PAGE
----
Yesterday at TEDxSV, Reid Hoffman spoke about the opportunity for low-cost, highly-scalable internet platforms that can engage millions in social change. These platforms, Reid envisions, will take advantage of the ability of open source projects to self-organize to harness small contributions to make a large difference. Examples included Kiva.org and Facebook Causes. Hoffman is currently a VC at Greylock partners, was an early PayPal employee, founded LinkedIn, and (disclosure) was an early investor in Socialtext.
The trends Hoffman described are interesting and promising, but they are not enough. As an example of the failure of large-scale internet activism, think of the trend for users to turn Twitter avatars green in support of people in Iran protesting the election. The green avatars raised awareness outside Iran but had negligable impact on what happened in Iran.
The next presentation from Stanford Professor Clayborne Carson revealed several layers that were missing in Hoffman’s talk. Carson is best known for his work editing the papers of Dr. Martin Luther King, but he got his start researching the work of Bob Moses, whose pioneering community organizing with SNCC enabled poor black folk in Mississippi to build courage, skills and leadership abilities. The charismatic leadership of Dr. King inspired millions to protest segregation and press for civil rights; the less-glamorous, on-the-ground work of developing local participants and leaders laid the foundation for longterm transformation; and the disintegration of SNCC into violent spinoffs made King’s emphasis on nonviolence seem more prophetic in retrospect.
Hoffman’s vision of a platform for change is missing the layers of inspiration and organizing. Tools can lower the cost of coordinating and taking action. But tools themselves do not inspire people with the vision and hope to make a change. And tools themselves do not provide the organizing methods to give courage and leadership skills among people in the community. There is a layer of inspired leadership above the tools. There is a layer of organizing above the tools.
The well-known example of the Obama campaign’s use of social networking for fund-raising and organizing supports this distinction. The campaign used its social networking and campaign data tools well, but it was Obama’s inspiration and the fear of Bush administration failure that provided the drive, and the community-based, personalized, and highly-co-ordinated organizing methods that enabled large numbers of people to take effective advantage of the tools.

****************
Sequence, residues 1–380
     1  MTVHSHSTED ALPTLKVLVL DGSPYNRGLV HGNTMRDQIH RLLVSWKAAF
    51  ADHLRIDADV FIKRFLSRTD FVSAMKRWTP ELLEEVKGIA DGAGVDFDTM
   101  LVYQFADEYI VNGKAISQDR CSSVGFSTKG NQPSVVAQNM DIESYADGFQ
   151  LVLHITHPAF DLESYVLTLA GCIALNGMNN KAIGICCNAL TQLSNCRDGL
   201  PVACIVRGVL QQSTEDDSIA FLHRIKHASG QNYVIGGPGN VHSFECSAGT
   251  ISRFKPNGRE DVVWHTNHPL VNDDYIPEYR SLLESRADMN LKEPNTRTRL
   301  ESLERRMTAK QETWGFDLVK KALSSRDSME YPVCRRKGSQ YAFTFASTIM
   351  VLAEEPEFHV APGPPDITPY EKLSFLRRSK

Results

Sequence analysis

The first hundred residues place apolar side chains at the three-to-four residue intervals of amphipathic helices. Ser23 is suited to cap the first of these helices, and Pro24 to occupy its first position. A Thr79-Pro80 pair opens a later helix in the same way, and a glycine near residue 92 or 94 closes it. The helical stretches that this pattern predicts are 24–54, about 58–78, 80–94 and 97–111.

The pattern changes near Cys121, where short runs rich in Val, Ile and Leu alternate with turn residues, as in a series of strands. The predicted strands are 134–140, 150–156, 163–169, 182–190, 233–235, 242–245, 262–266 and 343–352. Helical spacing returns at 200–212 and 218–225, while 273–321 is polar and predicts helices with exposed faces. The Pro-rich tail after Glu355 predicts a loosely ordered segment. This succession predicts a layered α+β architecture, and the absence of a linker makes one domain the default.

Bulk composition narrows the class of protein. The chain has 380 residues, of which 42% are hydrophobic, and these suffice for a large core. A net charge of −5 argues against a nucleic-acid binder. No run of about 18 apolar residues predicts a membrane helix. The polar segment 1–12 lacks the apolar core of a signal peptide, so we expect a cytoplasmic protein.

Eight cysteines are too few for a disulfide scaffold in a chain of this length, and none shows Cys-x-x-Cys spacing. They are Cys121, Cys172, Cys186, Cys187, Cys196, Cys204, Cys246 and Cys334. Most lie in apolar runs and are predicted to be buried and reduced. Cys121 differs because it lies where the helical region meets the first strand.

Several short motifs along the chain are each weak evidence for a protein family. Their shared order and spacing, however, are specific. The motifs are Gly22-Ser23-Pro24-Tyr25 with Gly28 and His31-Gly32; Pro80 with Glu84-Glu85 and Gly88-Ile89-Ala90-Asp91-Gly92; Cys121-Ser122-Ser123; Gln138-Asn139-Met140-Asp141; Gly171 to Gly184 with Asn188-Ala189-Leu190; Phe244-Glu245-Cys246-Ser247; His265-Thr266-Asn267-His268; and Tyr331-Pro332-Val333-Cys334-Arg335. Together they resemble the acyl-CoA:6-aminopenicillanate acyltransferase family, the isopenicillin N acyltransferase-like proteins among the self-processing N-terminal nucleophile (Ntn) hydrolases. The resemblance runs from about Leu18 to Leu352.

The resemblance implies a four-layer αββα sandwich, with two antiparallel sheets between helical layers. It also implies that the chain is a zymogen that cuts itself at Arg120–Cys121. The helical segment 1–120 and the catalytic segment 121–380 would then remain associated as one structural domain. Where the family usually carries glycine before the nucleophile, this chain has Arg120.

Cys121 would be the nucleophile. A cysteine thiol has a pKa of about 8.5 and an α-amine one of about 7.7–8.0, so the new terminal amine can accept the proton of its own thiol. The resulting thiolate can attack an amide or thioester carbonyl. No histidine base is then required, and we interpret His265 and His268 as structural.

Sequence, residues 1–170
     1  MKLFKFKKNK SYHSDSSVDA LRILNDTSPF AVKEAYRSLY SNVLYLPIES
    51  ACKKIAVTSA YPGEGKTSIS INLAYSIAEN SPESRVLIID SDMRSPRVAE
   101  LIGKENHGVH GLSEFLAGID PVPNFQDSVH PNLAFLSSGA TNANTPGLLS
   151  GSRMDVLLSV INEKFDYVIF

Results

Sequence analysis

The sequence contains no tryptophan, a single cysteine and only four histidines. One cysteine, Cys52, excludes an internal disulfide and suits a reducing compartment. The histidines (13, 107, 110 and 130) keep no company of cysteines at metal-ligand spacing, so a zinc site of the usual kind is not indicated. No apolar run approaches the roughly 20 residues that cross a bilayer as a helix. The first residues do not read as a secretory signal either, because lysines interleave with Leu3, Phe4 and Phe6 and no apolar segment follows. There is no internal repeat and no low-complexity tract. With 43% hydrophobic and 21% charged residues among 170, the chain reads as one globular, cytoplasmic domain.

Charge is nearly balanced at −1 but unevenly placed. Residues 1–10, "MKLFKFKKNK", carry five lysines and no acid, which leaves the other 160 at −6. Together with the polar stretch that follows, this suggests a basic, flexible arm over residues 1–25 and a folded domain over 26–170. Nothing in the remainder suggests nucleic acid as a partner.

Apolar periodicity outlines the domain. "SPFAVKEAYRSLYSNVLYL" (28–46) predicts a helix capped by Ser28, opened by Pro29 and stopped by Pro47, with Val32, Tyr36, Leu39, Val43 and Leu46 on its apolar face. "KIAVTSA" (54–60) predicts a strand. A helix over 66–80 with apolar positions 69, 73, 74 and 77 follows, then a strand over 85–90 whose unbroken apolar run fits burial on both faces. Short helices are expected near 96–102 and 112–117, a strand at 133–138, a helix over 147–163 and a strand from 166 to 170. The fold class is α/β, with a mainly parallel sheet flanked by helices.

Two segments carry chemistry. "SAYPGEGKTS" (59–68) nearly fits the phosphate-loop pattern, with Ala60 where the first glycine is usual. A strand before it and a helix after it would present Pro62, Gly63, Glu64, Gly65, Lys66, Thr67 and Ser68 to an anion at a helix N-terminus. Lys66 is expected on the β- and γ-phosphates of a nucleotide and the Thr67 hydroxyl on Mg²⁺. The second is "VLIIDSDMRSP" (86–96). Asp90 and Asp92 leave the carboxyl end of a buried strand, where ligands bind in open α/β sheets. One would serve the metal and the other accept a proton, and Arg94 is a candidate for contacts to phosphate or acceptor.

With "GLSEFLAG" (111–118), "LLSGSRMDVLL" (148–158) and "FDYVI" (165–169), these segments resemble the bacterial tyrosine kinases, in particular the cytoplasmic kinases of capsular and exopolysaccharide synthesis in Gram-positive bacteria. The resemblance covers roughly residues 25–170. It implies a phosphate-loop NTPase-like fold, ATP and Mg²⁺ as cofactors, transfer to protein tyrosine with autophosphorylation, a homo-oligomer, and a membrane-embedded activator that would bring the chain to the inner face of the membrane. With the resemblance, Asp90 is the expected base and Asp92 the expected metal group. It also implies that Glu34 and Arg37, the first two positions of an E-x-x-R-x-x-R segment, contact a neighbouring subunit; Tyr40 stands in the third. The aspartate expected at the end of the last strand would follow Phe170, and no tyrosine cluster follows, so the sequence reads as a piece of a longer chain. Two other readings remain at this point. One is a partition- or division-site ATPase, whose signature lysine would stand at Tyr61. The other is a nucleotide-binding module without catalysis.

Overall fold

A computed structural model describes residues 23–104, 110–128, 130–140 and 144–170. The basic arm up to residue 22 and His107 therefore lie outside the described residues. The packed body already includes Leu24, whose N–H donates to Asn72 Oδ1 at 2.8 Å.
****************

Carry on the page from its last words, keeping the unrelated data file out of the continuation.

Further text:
There are a few additional elements in the layers above the tools. First is the design and leadership of self-organization. Reid Hoffman talked about the ability of open source projects to “self-organize” and break work up into many small contributions. But in the Obama campaign, and in large open source projects such as Linux and Apache, there is substantial human effort involved in coordinating project roadmaps, making technical decisions at many levels, coordinating code integration, and more. From a distance, it looks like open source projects are “self-organized,” and contributions flow to the project like streams to the Amazon to the ocean. Closer in, there are sophisticated practices of governance that are different from the centralized processes of traditional corporate development, but that still require human effort.
Second is the connection of online to offline. Hoffman was particularly skeptical about this element, seeing that offline connections add friction to otherwise simpler, more viral on-line only programs. But in order to catalyze real change in the world, there needs to be connection to people’s real world social networks, and to the levers of power that operate in the real world. Without this offline connection, we are often left with ineffectual green avatars and no change in the world.
In summary, Reid Hoffman’s presentation sketched a vision of internet-powered, low-cost, scalable platforms for self-organized change. As Silicon Valley tech innovators, we are often tempted to consider technology as the determining factor in social change. But the change enabled by new platforms is likely to be trivial without the presense of other layers of practice above the tools that long predate the internet: visionary leadership, grass-roots organizing to empower participants, effective co-ordination of decentralized action, and connection to realworld networks and actions.